:> wonder if it will last longer if I
:> store it in air-tight containers and store in a cool location.:
:Plaster will strike in the bag due to infiltration of humidity. It will
:still be a powder that mixes up OK, but given enough storage time and
:humidity before use it will have a final strength of a Ritz cracker.
:I would think the cost of proper containers would approach the cost of the
:Most cost effective would be 5-gallon paint buckets with the O-ring lids,
:with a sock full of calcium chloride as a dessicant.
:Easy enough to do your own "lab" testing later to verify setting quality.
:Make some cylindrical samples (cast in a pill bottle) now and when you plan
:to use it. See if you find any difference in strength or setting time.
:Better than wasting a lot of labor on material that turns out to be flawed.
:Steady non-condensing relative humidity is more important than cool.
:Warmer may make your RH lower.
Thanks for the post. I cut open the bags last week and put the plasters
in plastic bags, fairly thick ones mostly. But I got the idea shortly
thereafter to use some plastic buckets I have. These aren't 5 gallon
buckets but food service buckets I got from a fast food place. They gave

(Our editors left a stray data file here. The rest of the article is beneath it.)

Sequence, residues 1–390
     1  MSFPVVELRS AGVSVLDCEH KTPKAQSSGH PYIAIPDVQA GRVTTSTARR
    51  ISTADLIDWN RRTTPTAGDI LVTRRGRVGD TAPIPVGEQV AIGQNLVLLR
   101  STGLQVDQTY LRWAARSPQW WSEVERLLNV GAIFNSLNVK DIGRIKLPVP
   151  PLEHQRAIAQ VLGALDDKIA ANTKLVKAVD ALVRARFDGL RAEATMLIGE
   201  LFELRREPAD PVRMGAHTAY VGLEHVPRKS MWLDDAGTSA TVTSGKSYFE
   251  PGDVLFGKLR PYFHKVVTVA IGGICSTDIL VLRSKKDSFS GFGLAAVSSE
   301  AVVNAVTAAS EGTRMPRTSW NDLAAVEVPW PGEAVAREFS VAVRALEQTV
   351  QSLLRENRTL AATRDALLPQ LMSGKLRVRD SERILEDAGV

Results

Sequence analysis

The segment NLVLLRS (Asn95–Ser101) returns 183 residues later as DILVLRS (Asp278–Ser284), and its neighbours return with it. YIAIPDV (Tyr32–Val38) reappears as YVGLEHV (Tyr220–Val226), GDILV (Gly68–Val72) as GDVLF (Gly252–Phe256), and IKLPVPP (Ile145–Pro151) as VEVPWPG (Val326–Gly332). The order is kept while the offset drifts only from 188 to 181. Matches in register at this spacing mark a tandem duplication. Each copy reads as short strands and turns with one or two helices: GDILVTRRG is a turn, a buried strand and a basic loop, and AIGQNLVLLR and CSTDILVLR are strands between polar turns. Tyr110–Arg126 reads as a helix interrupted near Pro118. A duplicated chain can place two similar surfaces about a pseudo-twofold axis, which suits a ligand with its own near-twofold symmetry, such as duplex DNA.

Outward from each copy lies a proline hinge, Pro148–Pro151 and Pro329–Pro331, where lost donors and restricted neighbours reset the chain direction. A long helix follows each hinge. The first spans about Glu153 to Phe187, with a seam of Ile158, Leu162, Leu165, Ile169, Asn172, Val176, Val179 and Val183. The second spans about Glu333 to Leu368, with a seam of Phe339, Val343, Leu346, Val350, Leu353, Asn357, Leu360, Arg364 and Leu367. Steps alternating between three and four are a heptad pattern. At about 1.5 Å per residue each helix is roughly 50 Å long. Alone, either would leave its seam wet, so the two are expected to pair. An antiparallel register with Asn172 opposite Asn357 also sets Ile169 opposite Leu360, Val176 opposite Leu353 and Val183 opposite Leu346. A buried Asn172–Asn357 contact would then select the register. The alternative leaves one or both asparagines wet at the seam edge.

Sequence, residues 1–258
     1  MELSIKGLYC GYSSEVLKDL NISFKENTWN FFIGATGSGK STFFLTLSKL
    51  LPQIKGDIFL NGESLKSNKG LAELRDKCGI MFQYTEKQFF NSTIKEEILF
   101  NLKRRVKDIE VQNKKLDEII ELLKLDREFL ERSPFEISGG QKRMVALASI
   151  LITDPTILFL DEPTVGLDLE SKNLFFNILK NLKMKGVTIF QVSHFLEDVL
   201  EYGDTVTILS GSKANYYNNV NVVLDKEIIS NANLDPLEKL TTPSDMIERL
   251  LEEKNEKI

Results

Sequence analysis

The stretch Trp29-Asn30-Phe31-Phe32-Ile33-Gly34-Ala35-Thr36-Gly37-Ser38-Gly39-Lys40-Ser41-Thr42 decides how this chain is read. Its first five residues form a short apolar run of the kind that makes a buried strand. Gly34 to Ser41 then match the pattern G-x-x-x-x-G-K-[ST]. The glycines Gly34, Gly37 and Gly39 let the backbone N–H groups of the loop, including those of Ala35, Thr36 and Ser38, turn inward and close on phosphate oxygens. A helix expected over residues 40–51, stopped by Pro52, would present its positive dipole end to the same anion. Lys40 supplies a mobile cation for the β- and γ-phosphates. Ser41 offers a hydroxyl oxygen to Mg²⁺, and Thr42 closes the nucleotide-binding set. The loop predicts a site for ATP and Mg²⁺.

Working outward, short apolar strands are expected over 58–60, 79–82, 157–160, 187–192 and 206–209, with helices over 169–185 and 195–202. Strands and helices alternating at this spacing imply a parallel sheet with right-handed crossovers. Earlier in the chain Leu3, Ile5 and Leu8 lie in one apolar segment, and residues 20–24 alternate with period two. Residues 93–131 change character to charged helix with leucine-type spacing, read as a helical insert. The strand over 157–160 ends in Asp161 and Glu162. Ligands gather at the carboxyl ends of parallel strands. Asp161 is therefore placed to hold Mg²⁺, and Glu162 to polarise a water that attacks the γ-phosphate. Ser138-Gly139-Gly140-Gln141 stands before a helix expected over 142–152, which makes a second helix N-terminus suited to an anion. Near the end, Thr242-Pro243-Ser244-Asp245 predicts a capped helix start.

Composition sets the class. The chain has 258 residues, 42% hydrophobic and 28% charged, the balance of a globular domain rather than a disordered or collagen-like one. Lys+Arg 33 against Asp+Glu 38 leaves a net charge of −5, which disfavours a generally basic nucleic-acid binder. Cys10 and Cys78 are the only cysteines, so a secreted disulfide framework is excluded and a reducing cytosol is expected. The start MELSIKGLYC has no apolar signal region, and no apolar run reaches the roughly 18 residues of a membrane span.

them to me free. They had 10 lb. potato salad in them and I got them
with the tops. I have 13 of them now, and can get an unlimited supply in
the future for free (I made an arrangement with another source.
I presume they will be air tight, but I think your admonisions are
advisable - dessicant and testing. I would never have thought of the
dessicant, and I wouldn't have done the testing without your suggestion.
However, like you say, it's really important that I not invest time and
materials into repairs that turn out to be crap.
Great ideas with the old pill bottles. I have a bunch of them, been
saving them for some good use, and this is sure one. Thanks again.
PS: Anyone know where I can get calcium chloride in quantity